Cybersecurity and election experts recently told members of the House Oversight and Government Reform Committee that the use of paper ballots and a defined auditing process – traditionally low-tech solutions – present some of the best methods for protecting U.S. election systems and restoring voter confidence.
“The two important properties are, first, that there be a paper artifact of the voter. Optical scan paper is an example of a system that does that. That’s probably the best state-of-the-art technology that we have right now,” said Matthew Blaze, associate professor of computer and information science at the University of Pennsylvania. The second property is that we have a mechanism for detecting compromise of the software that tabulates the votes, and that’s the risk-limiting audit feature. Put together, those achieve an approach of what we call strong software independence.”
Strong software independence means that, even if the voting machines are compromised, there is a method for certifying the accuracy of the vote that doesn’t rely on the software.
Virginia recently made the decision to decertify all of the state’s remaining fully-electronic voting machines and move to a paper scanning system for the November 2017 statewide election. According to Edgardo Cortés, commissioner for the Virginia Department of Elections, the decision was made based on whether his office could confidently tell the Virginian people that the election results were correct, should something happen to a voting machine.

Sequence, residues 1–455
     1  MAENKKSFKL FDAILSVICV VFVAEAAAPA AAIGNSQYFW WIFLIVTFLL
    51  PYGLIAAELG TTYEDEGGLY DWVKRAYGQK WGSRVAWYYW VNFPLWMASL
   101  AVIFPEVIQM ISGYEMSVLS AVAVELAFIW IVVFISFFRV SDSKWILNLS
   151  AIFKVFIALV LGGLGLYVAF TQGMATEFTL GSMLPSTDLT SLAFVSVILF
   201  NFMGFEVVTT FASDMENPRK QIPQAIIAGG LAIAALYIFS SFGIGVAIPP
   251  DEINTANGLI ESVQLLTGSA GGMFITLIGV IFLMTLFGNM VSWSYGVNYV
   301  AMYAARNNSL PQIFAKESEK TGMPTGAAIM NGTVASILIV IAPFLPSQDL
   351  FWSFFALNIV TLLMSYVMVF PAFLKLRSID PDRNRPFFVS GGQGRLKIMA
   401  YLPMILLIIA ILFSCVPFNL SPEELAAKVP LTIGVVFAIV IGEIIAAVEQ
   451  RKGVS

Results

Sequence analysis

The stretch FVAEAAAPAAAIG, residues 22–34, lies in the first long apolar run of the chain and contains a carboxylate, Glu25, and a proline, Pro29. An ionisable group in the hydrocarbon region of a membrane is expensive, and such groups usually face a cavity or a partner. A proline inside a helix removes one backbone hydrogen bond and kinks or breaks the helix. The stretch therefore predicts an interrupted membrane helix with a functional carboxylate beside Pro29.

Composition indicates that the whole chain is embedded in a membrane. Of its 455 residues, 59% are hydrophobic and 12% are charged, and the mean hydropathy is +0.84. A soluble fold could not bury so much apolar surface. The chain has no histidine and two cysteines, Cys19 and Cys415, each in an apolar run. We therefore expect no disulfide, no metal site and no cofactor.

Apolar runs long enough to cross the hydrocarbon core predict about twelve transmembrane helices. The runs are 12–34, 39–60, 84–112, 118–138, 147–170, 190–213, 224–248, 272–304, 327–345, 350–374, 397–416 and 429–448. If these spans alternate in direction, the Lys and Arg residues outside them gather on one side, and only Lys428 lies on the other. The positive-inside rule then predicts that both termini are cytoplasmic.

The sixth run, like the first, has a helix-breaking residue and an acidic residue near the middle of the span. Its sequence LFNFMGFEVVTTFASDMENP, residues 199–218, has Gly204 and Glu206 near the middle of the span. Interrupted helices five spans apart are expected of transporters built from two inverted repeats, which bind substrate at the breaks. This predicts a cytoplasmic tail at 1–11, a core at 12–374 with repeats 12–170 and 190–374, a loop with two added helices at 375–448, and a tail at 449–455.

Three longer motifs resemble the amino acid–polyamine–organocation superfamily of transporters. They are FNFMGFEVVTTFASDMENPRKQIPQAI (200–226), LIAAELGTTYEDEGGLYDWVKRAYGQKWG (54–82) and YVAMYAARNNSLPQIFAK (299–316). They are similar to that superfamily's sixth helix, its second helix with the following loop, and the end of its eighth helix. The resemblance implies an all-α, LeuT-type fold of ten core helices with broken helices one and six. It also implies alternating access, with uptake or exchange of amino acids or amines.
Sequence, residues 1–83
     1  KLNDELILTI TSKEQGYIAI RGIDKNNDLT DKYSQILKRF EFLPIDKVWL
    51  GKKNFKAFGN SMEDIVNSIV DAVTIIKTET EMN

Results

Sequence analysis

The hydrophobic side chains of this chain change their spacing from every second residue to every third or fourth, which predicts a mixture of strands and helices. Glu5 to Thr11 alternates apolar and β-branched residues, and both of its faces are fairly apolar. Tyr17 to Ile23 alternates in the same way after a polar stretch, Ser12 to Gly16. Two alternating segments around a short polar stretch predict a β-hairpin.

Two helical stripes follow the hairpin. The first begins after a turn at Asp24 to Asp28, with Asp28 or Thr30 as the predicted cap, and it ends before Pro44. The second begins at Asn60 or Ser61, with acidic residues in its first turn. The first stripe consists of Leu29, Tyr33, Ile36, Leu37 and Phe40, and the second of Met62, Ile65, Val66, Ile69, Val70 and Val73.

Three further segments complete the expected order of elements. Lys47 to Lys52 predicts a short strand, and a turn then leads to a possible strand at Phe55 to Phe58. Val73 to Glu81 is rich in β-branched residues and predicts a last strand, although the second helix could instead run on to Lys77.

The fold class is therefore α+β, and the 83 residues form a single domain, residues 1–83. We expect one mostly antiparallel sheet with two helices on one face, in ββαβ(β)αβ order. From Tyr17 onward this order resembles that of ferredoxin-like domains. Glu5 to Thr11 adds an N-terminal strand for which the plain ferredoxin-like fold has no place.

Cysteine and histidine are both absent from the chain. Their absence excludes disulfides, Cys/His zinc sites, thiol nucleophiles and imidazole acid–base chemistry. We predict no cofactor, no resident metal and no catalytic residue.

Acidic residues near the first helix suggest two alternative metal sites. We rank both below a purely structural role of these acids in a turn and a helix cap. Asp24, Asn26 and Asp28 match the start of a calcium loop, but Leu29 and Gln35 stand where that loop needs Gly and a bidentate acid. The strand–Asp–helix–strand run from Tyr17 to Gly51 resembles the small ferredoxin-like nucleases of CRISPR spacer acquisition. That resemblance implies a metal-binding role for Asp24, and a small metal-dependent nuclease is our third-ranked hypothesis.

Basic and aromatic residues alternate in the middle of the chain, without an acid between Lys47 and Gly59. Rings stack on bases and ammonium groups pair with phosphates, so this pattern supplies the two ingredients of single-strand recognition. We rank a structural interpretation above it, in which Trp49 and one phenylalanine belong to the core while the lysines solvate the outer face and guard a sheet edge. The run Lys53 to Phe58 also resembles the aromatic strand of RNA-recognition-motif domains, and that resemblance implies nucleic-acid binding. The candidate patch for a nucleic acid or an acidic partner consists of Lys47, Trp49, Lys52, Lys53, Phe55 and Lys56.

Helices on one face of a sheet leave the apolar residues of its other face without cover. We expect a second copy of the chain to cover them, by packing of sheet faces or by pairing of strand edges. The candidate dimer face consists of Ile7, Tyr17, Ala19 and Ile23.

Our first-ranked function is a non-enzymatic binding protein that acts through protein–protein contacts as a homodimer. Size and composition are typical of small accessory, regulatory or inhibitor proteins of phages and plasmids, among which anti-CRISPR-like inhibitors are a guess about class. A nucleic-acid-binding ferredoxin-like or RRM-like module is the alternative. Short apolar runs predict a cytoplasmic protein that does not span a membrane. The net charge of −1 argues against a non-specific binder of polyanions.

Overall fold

“We wouldn’t be in a position to do that with the equipment we were using,” said Cortes.
However, according to the Louisiana secretary of state Tom Schedler, transitioning to paper ballots alone is not enough to ensure accurate vote tallies and improve voter confidence in the results.
“We are not naive to the future cyber attacks, but we also know that the use of paper ballots can just as easily open up fraud vulnerabilities unless strong protocols are followed by election officials,” said Schedler.
“Certainly we should want to move to a place where systems are both auditable and also audited,” said Susan Klein Hennessey, fellow in national security law and governance studies at the Brookings Institution. She explained that election officials need to establish auditing plans that are executed on a regular basis.
“An auditable system is effectively meaningless if we don’t actually undertake the audit,” said Hennessey.
According to Blaze, risk-limiting audits should be done on voting machines after every election.
Hennessey added that while actually altering the votes recorded by election machines is quite difficult, foreign adversaries more often seek to undermine the public’s confidence in the outcome of an election.
“To do so, a malicious actor needs only to penetrate systems in a manner that introduces uncertainty,” said Hennessey.
“It’s very difficult to prove that it hasn’t happened,” said Blaze.
In fact, prolonged conversations about the lack of security in voting machines and the potential for alteration can, themselves, deter voter participation without ever changing an actual vote, according to Schedler. He added that combatting the misconceptions in voter’s minds has become a job “on steroids” in the last two years.